OBJECTIVE: To compare outcomes between elderly (≥65 years old) and non-elderly (<65 years old) resuscitated severe sepsis and septic shock patients and determine predictors of death among elderly patients. METHODS: Retrospective cohort study including 848 severe sepsis and septic shock patients admitted to the intensive care unit between January 2006 and March 2012. RESULTS: Elderly patients accounted for 62.6% (531/848) and non-elderly patients for 37.4% (317/848). Elderly patients had a higher APACHE II score [22 (18-28)versus 19 (15-24); p<0.001], compared to non-elderly patients, although the number of organ dysfunctions did not differ between the groups. No significant differences were found in 28-day and in-hospital mortality rates between elderly and non-elderly patients. The length of hospital stay was higher in elderly compared to non-elderly patients admitted with severe sepsis and septic shock [18 (10-41)versus 14 (8-29) days, respectively; p=0.0001]. Predictors of death among elderly patients included age, site of diagnosis, APACHE II score, need for mechanical ventilation and vasopressors. CONCLUSION: In this study population early resuscitation of elderly patients was not associated with increased in-hospital mortality. Prospective studies addressing the long-term impact on functional status and quality of life are necessary.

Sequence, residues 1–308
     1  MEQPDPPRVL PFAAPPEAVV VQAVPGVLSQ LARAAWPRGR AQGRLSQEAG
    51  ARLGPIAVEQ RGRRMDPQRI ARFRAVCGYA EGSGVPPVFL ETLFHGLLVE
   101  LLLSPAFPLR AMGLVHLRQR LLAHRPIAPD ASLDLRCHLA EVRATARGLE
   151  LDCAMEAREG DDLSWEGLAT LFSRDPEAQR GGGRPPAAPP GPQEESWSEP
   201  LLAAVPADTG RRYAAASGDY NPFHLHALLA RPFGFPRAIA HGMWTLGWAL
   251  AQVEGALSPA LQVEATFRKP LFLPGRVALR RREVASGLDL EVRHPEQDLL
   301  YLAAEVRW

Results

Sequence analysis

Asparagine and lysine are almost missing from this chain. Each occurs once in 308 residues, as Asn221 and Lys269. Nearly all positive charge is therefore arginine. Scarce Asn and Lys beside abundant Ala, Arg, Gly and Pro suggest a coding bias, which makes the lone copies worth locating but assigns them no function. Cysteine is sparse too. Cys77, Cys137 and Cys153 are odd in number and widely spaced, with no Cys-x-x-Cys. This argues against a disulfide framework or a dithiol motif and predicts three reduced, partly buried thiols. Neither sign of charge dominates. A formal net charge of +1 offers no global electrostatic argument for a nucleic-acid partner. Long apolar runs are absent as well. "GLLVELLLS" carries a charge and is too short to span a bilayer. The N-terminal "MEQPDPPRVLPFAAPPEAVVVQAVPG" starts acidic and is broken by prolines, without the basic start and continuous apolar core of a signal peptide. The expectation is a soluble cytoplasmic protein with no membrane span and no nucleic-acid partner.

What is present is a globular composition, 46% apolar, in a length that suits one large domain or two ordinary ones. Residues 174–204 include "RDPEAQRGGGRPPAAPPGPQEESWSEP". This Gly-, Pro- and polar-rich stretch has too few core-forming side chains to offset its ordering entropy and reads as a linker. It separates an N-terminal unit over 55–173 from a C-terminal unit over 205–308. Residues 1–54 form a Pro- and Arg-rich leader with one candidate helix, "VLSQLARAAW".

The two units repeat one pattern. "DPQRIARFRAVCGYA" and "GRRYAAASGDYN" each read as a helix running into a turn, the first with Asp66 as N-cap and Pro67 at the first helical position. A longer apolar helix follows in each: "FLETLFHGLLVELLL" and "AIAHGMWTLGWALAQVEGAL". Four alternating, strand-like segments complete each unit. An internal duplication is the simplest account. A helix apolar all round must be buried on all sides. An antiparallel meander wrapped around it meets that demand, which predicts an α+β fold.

Palomba, H., Corrêa, T. D. omingos, Silva, E., Pardini, A., & Assuncao, M. S. antucci C. de. (2015). Comparative analysis of survival between elderly and non-elderly severe sepsis and septic shock resuscitated patients. Einstein (São Paulo, Brazil), 13(3), 357–363. https://doi.org/10.1590/S1679-45082015AO3313